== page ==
Progress continues on all floors.  Most notable to the naked eye is the advance of the elevator shafts.  Where a month ago there had been a gaping watch-your-step hole between top and bottom of the building, now the masonry is in place and you can see where the elevators will be.  Electrical conduit, piping, flooring, ceilings – all are in play.  Outside the south moat is filled in and covered, while the east moat is ready for its next step after they finished burying a giant water holding tank below the level of the old moat.  That tank is designed to have rainwater funneled to it in our summer downpours, then it’s open at the bottom to allow the water to return naturally to the aquifer.  Arizona’s a little short on storm sewer systems so other means need to be found.  (I used to spend a fair amount of time in Qatar in my old life, so I noticed that most of their schools and public buildings were closed for two days this week because they got a year’s rain – 2.5 inches – in one day and there were no drains to handle it and plenty of road underpasses to fill up.)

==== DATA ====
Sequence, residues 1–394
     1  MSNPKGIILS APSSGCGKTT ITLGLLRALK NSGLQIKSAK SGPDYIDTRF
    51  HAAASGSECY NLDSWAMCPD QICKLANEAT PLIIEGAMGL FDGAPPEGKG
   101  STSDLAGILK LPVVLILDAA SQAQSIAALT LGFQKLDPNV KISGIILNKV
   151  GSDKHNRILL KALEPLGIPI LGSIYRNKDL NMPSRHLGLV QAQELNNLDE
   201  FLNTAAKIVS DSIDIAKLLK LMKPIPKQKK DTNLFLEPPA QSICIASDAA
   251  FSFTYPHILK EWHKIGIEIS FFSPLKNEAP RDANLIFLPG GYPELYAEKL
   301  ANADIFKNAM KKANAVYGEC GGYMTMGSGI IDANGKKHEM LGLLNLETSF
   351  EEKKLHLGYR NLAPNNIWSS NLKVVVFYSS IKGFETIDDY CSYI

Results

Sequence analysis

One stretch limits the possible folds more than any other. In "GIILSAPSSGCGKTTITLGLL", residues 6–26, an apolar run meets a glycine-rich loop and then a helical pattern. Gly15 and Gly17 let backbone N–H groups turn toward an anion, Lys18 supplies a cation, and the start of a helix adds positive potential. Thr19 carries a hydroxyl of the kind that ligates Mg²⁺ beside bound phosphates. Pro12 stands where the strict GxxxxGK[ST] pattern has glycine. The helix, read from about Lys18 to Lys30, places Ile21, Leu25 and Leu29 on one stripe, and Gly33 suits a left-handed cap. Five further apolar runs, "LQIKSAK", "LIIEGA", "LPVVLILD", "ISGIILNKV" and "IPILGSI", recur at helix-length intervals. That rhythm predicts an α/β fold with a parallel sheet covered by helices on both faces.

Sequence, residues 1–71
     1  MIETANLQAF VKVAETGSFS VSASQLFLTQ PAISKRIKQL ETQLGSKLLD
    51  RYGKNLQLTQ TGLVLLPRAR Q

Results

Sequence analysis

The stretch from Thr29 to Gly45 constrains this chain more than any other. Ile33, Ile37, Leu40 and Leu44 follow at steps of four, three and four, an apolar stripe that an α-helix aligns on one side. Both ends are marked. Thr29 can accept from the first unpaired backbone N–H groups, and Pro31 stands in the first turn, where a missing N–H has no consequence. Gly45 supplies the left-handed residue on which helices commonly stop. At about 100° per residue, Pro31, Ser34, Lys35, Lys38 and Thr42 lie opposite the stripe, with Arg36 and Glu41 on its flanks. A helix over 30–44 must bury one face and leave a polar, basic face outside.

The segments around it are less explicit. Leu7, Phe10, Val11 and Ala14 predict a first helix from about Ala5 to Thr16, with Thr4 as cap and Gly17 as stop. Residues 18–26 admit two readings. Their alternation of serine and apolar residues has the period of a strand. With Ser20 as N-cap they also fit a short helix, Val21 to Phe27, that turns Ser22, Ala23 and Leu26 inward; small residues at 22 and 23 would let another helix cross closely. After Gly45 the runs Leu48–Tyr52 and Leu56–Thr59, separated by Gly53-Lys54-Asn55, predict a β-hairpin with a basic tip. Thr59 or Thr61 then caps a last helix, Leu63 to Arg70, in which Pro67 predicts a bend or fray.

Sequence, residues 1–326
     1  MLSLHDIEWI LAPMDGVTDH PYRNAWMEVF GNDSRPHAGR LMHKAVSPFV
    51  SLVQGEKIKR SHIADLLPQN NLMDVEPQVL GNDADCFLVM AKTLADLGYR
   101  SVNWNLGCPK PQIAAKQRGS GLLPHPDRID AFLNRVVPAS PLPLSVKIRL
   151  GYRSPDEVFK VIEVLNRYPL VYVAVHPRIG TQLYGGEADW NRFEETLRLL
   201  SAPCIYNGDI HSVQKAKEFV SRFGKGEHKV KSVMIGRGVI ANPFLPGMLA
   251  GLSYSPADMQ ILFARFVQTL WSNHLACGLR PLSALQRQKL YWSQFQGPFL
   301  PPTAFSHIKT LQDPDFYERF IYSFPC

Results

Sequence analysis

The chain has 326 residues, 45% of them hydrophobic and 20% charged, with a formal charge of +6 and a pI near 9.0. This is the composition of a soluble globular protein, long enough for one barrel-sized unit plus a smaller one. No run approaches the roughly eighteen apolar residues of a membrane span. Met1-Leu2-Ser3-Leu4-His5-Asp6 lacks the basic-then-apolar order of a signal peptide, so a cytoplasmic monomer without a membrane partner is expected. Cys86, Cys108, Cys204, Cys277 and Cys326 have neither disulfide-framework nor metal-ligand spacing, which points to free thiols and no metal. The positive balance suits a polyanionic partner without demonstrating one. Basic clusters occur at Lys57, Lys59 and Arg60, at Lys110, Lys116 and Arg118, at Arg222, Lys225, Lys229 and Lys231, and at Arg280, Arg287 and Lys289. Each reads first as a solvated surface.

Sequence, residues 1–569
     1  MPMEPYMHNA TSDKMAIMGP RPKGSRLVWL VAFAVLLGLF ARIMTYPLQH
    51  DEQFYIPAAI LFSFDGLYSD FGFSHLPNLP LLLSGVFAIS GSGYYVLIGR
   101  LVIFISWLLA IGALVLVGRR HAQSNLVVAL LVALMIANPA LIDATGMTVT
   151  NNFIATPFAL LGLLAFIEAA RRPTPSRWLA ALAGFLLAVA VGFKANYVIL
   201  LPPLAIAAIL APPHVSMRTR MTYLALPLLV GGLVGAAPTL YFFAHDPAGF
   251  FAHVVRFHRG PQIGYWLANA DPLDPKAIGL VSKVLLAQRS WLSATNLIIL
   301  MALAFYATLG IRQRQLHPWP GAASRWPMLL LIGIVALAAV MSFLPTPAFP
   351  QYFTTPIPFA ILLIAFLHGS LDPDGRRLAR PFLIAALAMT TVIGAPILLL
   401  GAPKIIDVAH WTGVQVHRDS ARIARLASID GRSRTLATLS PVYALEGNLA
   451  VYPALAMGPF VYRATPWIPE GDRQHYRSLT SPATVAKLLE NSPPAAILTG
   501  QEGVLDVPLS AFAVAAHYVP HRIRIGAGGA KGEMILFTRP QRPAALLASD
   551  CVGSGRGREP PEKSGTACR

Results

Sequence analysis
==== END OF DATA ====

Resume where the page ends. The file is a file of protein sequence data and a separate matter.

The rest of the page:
Photo of the roof of Hayden Library, showing the masonry for the top of the new elevator shafts in a sea of solar panels.
The roof of Hayden, showing the top of the new elevator shaft peaking out in the sea of solar panels.
We also had a chance this month to see the forest of solar cells on the roof of Hayden, still in operation and staying in operation for the whole duration of the project except one weekend when the electrical equipment they connect to will need to be moved.